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Arresting Behavior

January 22, 2003

Almanac Transcript

Arresting behavior this week on the Oklahoma Audio Almanac.

Hello, Iím Steven Knoche Kite.

It seems that almost every stage of Oklahomaís development as a state involved some sort of illegal or immoral activity, and the initial attempt at settling the unassigned land is a perfect case in point. Land taken away from the tribal lands sat for almost thirty years in the middle of what is now Oklahoma unused and virtually abandoned by the US Government, tribal nations were forced to vacate the area as part of their punishment for siding with the south during the civil war, and Euro-Americans were not allowed into the area.

Many people felt that these unassigned lands, once called Americaís desert, were now prime farm sites and should be put to good use. "Boomers," as they were called, utilized legal and illegal means in an attempt to force the US government to open this island of unused land.

The most notable of this group was David L. Payne. Payne, using Kansas border towns as headquarters, organized groups of interested Boomers, or "squatters," and led them to various locations in what is now Payne, Lincoln and Oklahoma counties. One of the preferred sites of the Boomers lay on the southern edge of present day Stillwater. The reliable water source at that location provided the creek, and eventually the town, with the name Stillwater, as in, "there is still water there."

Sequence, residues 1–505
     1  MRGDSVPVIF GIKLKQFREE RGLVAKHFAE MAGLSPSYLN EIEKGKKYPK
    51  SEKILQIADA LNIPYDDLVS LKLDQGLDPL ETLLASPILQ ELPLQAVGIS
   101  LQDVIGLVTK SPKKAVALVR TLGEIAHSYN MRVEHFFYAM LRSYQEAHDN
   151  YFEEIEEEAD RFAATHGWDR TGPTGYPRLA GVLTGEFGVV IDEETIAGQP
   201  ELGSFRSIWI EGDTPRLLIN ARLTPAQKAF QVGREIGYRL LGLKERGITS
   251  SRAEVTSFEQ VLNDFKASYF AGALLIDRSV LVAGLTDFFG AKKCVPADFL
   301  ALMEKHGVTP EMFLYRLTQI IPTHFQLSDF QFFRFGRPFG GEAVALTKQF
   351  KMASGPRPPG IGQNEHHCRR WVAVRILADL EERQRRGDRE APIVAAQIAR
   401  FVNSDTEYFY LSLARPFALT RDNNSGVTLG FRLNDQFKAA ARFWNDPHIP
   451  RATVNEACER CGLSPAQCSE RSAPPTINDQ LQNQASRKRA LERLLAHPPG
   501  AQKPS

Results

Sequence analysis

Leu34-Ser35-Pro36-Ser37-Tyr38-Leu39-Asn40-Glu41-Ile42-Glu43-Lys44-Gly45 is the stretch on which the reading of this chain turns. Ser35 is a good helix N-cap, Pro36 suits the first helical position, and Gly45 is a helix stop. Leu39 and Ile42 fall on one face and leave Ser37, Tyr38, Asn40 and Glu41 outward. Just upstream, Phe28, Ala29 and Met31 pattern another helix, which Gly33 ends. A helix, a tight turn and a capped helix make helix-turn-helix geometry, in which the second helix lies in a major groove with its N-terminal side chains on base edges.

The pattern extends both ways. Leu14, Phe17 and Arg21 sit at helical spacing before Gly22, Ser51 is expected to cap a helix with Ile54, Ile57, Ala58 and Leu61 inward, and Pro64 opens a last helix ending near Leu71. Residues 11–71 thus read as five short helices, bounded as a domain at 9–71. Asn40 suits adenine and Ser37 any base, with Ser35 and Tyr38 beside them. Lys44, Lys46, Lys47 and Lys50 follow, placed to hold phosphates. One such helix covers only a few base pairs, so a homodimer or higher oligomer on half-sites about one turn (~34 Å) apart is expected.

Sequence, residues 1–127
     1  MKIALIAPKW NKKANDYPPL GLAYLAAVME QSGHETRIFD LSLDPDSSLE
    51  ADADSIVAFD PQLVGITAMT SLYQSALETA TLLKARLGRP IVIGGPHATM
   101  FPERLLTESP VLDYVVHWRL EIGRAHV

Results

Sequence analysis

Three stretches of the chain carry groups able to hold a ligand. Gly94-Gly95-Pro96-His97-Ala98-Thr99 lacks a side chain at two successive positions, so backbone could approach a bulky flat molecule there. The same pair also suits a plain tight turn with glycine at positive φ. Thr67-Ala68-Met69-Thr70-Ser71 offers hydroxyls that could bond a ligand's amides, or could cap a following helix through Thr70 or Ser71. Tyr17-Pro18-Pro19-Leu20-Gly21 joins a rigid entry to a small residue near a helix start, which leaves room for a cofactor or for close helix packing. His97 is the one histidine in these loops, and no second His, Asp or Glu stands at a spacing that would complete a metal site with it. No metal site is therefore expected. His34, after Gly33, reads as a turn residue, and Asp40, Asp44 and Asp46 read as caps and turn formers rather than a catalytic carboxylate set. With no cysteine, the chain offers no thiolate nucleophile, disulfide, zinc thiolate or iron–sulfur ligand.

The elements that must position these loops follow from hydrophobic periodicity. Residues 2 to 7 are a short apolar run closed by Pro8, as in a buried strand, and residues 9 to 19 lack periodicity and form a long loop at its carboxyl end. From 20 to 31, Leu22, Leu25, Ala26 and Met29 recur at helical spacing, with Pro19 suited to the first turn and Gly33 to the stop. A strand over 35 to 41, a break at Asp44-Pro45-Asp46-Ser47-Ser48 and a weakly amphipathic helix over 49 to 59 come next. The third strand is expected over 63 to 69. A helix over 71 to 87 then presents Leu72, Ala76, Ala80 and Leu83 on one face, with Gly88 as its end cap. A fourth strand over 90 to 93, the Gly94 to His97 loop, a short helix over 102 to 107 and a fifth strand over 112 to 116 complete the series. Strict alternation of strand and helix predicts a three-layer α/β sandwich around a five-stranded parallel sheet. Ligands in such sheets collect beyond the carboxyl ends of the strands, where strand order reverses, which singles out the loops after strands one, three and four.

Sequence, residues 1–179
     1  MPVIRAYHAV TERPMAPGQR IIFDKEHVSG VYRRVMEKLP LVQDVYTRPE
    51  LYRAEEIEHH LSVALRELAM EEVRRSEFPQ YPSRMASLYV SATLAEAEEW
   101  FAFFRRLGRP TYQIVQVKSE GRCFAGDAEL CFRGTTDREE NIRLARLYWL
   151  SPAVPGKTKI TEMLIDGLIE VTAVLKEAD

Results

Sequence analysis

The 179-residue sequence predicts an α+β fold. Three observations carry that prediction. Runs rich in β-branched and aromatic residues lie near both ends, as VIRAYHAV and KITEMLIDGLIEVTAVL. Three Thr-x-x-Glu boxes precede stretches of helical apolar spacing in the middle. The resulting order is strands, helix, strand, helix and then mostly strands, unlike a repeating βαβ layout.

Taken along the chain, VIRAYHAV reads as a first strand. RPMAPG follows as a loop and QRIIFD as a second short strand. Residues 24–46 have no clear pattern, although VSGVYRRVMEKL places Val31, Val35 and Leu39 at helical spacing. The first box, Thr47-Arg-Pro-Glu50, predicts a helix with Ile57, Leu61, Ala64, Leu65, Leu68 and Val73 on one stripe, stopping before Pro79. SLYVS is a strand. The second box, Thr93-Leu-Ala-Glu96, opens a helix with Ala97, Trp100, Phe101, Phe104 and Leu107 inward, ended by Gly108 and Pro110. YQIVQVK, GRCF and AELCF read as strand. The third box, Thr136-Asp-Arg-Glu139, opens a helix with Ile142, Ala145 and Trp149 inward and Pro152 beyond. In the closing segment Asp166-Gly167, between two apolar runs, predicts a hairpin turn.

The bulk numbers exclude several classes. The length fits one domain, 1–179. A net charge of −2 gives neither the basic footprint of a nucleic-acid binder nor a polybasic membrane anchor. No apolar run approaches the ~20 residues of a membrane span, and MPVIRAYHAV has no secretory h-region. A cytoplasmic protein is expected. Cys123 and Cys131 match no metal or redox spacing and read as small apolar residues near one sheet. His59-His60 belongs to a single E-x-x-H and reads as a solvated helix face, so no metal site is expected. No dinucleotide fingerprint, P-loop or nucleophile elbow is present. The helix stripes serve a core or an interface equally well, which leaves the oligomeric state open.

These forays and settlement attempts made by Payne and his followers were in every sense of the word, illegal, and at times gun battles erupted between the determined Boomers and U.S. Military forces sent to return them to Kansas. Dug-in and well armed, government forces in some instances were forced to call in batteries of artillery to displace the trespassers.

Payne led dozens of settlement trips into what is now Oklahoma, and in this week, in 1882, he led his followers on an attempt to establish what he thought would be the capital of the new land. Oddly enough, he chose as his capital site the exact location of present day Oklahoma City. It was in this week of 1882 that Payne and others invaded the region and began platting out the new city. Lots were surveyed, a stockade built and wells dug before the cavalry discovered the intruders forcing them back to Kansas. The determined Payne died two years later in 1884, five years before his precious unassigned lands opened for settlement in 1889.

Boomer Sooners in trouble with the law, once again, this week on the Almanac.

I'm Steven Knoche Kite.

The Oklahoma Audio Almanac is a joint production of the Oklahoma State University Library and Oklahoma's Public Radio.

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